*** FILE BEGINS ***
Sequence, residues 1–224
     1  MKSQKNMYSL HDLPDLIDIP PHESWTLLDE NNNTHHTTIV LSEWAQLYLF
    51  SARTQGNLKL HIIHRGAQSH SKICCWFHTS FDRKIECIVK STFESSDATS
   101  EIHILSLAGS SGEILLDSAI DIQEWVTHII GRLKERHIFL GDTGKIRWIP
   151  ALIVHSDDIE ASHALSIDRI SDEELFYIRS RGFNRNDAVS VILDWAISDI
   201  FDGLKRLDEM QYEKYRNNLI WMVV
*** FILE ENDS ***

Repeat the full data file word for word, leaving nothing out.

Sequence, residues 1–224
     1  MKSQKNMYSL HDLPDLIDIP PHESWTLLDE NNNTHHTTIV LSEWAQLYLF
    51  SARTQGNLKL HIIHRGAQSH SKICCWFHTS FDRKIECIVK STFESSDATS
   101  EIHILSLAGS SGEILLDSAI DIQEWVTHII GRLKERHIFL GDTGKIRWIP
   151  ALIVHSDDIE ASHALSIDRI SDEELFYIRS RGFNRNDAVS VILDWAISDI
   201  FDGLKRLDEM QYEKYRNNLI WMVV